By Trish Thomas
Inspiring action, igniting change, networking and giving back to the community… these are common incentives driving individuals to serve on non-profit boards.
As a participant on many non-profit boards and advisory boards, I consider my service to be a much more powerful asset than my money. But before you step out to join a board or recruit new members for an existing board, it is critical that you understand your obligations and the key factors that foster highly-successful boards.
Because non-profit board members are not compensated and profits aren’t the primary goal, it’s easy to believe that board
service is a pleasant endeavor that will let you contribute to your passion and make new friends. But board seats are a deep responsibility and a job that requires serious care and attention.
Beyond the general duties of care and loyalty, the immense possibilities of a non-profit board are unleashed by assembling the
right mix of members and ensuring that they work together in the boardroom. Here are some organizational and personal characteristics to consider as you build a board or select a board to join:
Choose people who understand and advocate for the mission. One of the key tasks of boards is to build community awareness and raise the stature of the organization. Directors are not equipped to do this if they don’t align with the cause at a deep, personal level.
Don’t overload the board. Determine a manageable number of individuals that will be active and contribute in tangible ways. Not every large donor should be given a seat on the board. Advisory boards or founders committees can be a great way to honor and leverage friends of the organization without wasting board seats. I find that boards of ten or less can overwhelm members with work, but huge boards make it hard to hold fair and complete discussions in meetings. Find the right size for maximum effectiveness and fill seats wisely.
Be sure the board has the right goal in mind. Some boards need to be "working" boards with all members volunteering significant time. Some boards need to raise funds through sponsored events and capital campaigns, so they need directors with fat checkbooks. And some boards may be focused on capacity building or improving governance. The focus of each board should be driven by the organization’s needs.
Every solid board needs to have financial acumen built in. There should be financially astute members who are knowledgeable and willing to serve on finance and audit committees. But beyond that, every single director should understand how to read financial statements, ask hard questions, and be fully engaged in financial and strategic planning.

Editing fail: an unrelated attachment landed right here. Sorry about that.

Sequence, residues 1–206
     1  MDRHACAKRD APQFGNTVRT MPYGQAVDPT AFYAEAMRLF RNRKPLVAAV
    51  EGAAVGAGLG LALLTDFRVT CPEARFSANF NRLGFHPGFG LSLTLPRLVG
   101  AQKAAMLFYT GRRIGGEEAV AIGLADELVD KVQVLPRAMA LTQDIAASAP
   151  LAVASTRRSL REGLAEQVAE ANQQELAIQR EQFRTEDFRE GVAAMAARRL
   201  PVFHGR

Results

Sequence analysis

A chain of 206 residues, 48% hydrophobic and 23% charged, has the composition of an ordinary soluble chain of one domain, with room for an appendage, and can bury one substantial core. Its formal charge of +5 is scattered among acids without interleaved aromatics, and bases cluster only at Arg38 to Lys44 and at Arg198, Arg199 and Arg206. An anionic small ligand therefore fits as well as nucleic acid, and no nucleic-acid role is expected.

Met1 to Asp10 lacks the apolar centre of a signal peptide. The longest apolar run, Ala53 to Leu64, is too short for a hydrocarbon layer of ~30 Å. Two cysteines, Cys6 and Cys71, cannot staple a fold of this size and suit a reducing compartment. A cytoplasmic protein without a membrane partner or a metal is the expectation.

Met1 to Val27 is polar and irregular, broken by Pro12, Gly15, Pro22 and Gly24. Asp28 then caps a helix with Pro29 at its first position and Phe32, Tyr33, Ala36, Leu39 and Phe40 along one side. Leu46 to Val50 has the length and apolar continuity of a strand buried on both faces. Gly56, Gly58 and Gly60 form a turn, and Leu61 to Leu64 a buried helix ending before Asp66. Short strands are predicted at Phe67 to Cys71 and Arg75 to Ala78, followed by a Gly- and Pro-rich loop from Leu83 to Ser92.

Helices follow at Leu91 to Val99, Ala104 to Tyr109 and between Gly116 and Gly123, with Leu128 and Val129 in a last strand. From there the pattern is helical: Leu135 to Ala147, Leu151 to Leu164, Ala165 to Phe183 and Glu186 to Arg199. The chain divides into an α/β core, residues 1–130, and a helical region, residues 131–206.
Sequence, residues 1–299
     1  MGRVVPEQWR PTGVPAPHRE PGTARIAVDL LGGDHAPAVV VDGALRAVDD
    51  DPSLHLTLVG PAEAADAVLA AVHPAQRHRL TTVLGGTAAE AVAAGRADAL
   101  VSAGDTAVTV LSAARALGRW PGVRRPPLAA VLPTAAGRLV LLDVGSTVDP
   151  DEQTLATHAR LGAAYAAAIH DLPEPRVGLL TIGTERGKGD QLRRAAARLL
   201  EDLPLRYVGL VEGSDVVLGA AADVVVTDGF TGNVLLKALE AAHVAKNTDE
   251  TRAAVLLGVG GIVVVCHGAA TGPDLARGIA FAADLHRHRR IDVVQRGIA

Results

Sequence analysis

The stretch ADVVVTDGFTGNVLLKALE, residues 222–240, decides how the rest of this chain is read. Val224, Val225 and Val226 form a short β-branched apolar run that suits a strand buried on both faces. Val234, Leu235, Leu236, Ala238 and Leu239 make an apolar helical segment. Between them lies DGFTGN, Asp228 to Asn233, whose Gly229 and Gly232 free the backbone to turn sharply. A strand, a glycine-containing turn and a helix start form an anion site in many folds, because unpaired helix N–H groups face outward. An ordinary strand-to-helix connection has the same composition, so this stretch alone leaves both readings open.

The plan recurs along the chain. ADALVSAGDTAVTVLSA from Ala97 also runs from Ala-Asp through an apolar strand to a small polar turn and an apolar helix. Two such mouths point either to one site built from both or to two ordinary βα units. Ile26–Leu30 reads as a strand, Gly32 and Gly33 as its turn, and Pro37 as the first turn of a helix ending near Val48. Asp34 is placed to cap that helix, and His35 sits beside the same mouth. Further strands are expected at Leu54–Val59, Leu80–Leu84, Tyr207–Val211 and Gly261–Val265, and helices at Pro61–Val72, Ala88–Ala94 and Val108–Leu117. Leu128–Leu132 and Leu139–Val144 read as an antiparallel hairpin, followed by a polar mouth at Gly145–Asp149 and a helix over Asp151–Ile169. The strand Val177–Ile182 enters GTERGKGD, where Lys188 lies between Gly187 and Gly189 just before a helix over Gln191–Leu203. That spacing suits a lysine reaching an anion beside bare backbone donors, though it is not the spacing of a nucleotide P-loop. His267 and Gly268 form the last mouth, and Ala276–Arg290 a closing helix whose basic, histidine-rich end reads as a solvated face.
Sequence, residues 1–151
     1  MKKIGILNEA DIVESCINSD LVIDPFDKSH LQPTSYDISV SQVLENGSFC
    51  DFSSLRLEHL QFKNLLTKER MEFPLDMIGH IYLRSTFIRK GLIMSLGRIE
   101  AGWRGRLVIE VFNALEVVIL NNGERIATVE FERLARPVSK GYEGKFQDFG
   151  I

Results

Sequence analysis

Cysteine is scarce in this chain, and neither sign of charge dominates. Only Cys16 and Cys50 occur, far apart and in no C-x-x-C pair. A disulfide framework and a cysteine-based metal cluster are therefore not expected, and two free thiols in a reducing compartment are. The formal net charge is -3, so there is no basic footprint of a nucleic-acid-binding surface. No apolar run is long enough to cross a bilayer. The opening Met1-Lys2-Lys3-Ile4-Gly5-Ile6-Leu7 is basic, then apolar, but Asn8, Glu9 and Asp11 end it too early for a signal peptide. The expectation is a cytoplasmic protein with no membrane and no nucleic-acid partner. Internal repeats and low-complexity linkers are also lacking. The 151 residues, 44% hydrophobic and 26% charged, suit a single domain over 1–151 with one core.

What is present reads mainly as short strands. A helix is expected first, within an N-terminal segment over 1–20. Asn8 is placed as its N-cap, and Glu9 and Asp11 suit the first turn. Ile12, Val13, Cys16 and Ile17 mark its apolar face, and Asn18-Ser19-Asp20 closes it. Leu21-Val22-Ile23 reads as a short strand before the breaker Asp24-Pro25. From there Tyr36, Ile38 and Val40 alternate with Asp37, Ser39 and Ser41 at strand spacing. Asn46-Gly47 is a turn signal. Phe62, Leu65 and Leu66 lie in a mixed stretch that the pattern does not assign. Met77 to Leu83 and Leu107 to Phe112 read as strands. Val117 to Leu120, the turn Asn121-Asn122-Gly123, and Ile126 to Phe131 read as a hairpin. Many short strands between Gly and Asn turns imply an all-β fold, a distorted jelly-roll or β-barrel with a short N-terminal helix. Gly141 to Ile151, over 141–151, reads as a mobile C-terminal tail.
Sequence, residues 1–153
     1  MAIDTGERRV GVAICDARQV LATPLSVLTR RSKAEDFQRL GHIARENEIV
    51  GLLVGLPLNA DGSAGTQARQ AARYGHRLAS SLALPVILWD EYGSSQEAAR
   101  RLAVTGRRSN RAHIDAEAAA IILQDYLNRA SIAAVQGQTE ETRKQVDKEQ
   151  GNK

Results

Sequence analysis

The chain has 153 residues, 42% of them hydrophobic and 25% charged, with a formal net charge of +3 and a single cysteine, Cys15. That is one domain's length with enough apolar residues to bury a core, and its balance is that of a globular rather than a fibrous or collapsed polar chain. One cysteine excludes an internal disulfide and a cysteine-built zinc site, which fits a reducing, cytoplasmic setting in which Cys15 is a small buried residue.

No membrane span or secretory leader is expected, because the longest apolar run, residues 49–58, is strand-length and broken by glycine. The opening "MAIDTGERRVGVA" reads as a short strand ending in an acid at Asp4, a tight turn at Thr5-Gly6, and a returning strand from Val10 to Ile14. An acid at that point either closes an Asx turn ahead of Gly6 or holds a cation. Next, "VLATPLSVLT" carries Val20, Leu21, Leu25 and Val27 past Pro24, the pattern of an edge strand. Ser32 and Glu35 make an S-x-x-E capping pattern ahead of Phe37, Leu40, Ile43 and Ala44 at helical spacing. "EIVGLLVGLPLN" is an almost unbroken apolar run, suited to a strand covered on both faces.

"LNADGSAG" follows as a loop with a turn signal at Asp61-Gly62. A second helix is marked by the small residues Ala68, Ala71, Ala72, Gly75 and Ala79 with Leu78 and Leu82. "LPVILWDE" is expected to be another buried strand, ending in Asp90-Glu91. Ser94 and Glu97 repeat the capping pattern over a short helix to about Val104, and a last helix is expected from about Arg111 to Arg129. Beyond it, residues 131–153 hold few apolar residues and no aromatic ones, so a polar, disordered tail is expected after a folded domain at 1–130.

Find board members who are eager to participate within the organization. Money is great, and every board member should give annually, but it is more important that energy, connections and expertise are on the table. Willingness to take the time and effort to understand strategic, financial and operational issues, engage personally with the staff and activities, and stay current on sound governance principles are all ingredients for success.
Build diversity into the board. A wide range of individuals of varying genders, ancestry, incomes, ages and levels of connection to the organization are crucial. Blending experienced directors with new additions to the boardroom helps mix best practices with enthusiasm. It is also helpful to have some people in the room who are neither large donors nor recipients of services because they bring external perspective. In my service as the chair of The Women’s Wilderness Institute board, one of our primary champions on the board is male. Gary is deeply committed to the cause and his unique ideas and skills are pivotal to the board performing well. A board with all female directors would not serve the organization as well as a gender-balanced board.
Understand each board member’s drivers and ensure that they are coming to the board for the right reasons. If everyone’s
objectives are clear from day one, the board will have a stronger and more effective dynamic than if directors’ interests are at odds and taint the board. For example, if a member is on the staff of another non-profit and hopes to see the two organizations
partner, that is fine. But the entire board needs to be aware of their intention up front to preserve transparency and goodwill.
Collegiality matters! I’ve seen stellar people break down boards because they can’t work and play with others. The ability to
collaborate well and show respect for the ideas and views of fellow board members and staff should be a highly prized trait on a board; as well as the understanding that boards operate as a body not as individuals.
At a non-profit there is so much at stake! For starters, the very cause of the organization is on the line, as is its survival. That
is actually a higher ethical directive than just ensuring that a corporation’s bottom-line is trending up. A non-profit board not only provides governance and safeguards the organization’s mission, the board also takes responsibility for capacity building, sustainability and fundraising.
By treating board service as the valuable and serious commitment that it is, you can unlock the possibilities of the boardroom
and gather people in effort and equality to accomplish great things - ultimately making a powerful positive impact on your community and the world.
Trish currently serves on boards for the Better Business Bureau, the Deming Center for Entrepreneurship at CU Boulder, the University of Denver Women's College, The Womens Wilderness Institute, The Family Garden and The Other Side of Everest Educational Foundation. She is a thought leader who delights in sharing knowledge, connections and inspiration, as well as acting as an innovator, optimist and protagonist who empowers people to change the world.